Lockheed Awards Exelis $60M for F-35 Carriage and Release Systems; Pete Martin Comments

F-35B

F-35B

Lockheed Martin has awarded Exelis $60 million worth of contracts to supply additional carriage and release systems for the F-35 Lightning II.

The two deals are in the low-rate initial production phase and are a continuation of a pervious contract to deliver the parts and spare equipment, Exelis said Friday.

According to Pete Martin, defense systems director for the Exelis electronic attack & release systems business, the Exelis systems are designed to enhance the aircraft’s capability to carry its mission payload while maintaining its stealth features.

The company said the deliveries of the carriage and release systems for up to 73 F-35s have been scheduled for January 2014 and March 2015.

Filed in: News, Products & Service Tags: , , , , ,

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One Response to "Lockheed Awards Exelis $60M for F-35 Carriage and Release Systems; Pete Martin Comments"

  1. Another Guest (from Australia) says:

    My colleagues and myself (from the defence industry) have made very clear that the service will do all it can to scrap the failed F-35 for a pretty compelling reason:

    The F-35 JSF (Joke Still Flying) aircraft designs will not meet specification nor the operational requirements laid down in the JSF JORD (Joint Operational Requirements Document) by significant degrees, noting that these operational requirements and resulting specifications, themselves, were predicated on the capabilities of reference threats from an era past and subsequently subjected to the illogical and deeply flawed process known as CAIV (Cost As and Independent Variable).

    The designs of all three JSF variants are presenting with critical single points of failure while even the most basic elements of aircraft design (e.g. weight, volume, aerodynamics, structures, thermal management, electrical power, etc.) will almost certainly end up in what Engineers call “Coffin Corner”.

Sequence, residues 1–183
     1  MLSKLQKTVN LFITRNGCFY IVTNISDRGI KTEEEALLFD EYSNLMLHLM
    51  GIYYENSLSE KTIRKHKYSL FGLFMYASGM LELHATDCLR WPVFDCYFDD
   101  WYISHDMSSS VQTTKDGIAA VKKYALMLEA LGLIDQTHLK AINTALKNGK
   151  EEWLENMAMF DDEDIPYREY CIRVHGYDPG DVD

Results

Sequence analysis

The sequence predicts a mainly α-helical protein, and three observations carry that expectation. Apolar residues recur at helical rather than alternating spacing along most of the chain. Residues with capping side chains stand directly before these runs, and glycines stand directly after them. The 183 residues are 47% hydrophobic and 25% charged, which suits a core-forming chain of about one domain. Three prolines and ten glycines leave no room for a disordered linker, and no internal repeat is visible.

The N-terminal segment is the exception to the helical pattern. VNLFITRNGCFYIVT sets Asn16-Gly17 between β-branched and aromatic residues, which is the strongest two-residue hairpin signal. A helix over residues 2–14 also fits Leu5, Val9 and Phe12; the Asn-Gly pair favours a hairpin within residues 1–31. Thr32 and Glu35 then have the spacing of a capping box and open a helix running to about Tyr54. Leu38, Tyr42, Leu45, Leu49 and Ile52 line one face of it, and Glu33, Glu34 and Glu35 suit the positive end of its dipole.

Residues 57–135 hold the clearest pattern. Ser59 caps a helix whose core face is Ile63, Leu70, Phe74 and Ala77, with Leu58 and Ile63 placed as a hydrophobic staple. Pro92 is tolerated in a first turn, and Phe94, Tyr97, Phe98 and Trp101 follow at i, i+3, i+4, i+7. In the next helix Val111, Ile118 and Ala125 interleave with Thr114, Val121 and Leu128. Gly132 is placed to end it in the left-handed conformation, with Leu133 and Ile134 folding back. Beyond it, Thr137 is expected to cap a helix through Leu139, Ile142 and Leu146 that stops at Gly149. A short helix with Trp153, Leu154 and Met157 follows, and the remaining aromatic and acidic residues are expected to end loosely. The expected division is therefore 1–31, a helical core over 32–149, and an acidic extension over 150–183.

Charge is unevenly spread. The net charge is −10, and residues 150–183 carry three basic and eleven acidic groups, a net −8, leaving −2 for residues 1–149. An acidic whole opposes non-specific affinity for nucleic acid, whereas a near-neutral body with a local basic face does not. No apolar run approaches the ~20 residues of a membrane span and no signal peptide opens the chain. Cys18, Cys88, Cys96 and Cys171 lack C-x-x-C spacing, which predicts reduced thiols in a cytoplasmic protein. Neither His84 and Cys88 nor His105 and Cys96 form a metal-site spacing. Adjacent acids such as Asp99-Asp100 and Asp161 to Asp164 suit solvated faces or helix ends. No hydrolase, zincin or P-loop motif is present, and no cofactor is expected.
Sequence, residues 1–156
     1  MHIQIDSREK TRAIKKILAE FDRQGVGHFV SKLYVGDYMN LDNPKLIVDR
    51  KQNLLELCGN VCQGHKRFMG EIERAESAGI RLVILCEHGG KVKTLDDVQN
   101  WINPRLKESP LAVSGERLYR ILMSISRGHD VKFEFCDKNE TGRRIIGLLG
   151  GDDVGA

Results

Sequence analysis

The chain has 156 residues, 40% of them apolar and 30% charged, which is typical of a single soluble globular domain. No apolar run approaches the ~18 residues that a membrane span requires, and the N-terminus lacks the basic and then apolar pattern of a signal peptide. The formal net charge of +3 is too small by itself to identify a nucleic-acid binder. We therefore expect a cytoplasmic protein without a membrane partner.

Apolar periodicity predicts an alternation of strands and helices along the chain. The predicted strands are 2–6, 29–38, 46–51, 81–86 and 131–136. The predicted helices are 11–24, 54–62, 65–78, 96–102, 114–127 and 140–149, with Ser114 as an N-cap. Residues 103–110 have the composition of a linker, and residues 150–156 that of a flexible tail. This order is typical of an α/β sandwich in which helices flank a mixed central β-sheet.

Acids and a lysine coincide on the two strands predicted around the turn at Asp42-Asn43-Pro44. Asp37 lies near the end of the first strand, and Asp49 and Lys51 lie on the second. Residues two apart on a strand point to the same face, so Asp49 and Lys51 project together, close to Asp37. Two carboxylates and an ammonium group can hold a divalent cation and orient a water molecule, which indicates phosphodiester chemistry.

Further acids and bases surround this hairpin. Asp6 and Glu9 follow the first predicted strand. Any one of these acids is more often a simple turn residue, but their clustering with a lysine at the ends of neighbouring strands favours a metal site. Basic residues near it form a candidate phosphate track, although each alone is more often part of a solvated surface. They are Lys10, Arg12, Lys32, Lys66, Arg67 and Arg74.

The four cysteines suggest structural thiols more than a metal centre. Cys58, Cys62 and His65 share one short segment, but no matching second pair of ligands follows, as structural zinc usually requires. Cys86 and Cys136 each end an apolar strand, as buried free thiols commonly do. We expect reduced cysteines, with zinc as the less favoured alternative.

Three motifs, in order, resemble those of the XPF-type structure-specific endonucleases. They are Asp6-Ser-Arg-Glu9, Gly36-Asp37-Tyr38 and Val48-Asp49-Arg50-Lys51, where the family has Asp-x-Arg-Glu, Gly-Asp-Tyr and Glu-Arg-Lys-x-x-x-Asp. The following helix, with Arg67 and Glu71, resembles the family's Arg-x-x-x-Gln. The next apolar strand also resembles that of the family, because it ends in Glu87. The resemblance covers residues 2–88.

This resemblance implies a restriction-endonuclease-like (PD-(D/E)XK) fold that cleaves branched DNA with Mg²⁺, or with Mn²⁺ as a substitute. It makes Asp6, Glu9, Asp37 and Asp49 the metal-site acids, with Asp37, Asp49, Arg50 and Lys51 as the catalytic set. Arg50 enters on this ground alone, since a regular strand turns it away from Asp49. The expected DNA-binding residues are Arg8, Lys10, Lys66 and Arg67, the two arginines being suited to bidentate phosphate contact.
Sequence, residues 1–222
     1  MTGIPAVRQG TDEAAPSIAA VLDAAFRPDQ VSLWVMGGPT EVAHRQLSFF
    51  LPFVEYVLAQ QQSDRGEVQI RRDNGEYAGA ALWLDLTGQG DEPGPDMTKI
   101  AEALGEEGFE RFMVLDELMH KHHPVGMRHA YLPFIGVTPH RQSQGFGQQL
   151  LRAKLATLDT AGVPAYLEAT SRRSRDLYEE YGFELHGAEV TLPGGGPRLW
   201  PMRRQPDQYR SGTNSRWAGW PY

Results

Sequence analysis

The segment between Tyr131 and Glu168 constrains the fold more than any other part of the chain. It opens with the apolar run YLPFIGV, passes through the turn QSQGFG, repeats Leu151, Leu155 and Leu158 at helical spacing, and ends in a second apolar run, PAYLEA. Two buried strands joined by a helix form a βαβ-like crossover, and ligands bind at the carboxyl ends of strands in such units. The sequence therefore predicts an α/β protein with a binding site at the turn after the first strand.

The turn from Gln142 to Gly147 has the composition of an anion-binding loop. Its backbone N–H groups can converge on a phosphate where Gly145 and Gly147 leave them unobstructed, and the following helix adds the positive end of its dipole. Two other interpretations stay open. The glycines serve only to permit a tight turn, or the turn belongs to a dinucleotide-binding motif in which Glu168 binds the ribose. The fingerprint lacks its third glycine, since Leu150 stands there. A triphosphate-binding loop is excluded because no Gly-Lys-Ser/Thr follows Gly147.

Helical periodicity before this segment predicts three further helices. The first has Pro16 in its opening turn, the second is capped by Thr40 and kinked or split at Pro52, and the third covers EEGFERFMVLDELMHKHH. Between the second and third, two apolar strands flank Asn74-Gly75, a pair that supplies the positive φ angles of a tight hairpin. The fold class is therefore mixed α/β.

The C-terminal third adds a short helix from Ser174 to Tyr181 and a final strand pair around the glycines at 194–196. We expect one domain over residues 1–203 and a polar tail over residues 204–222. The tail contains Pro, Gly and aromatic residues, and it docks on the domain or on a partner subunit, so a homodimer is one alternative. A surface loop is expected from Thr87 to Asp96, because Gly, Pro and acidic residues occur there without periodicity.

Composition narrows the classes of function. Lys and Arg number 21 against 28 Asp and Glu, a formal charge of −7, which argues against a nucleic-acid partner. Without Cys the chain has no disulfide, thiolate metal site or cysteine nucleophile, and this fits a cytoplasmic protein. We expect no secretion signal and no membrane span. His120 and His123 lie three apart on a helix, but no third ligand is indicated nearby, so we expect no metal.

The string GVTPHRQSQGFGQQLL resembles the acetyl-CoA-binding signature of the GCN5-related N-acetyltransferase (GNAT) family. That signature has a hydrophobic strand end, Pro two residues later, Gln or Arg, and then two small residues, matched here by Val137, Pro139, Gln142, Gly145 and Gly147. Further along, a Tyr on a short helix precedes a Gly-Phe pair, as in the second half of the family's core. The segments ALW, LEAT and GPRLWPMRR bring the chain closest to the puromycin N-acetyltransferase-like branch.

In essence, the unethical Thana Marketing strategy is using to sell the JSF, along with the acquisition malpractice of concurrency in not only development, the production and testing but the actual designs of the JSF variants, themselves, have resulted in the JSF marketeers writing cheques that the aircraft designs and JSF Program cannot honour.

    “We must be able to project power in contested environments (A2/AD) and the Joint Strike Fighter is that machine.” Is a full of baloney by drinking too much Kool-Aid.

    We have rolled up our sleeves and found our way to get rid of this lemon for good. But all the comments from the critics have made it very clear that will be a good idea in the estimation of the Air Force.

    The more you trying to protect the F-35 and speeding the process of the failed programme the worse off the United States and the allies are by eroding the air power which will make the western nations totally ineffective in the next 30 to 40 years.

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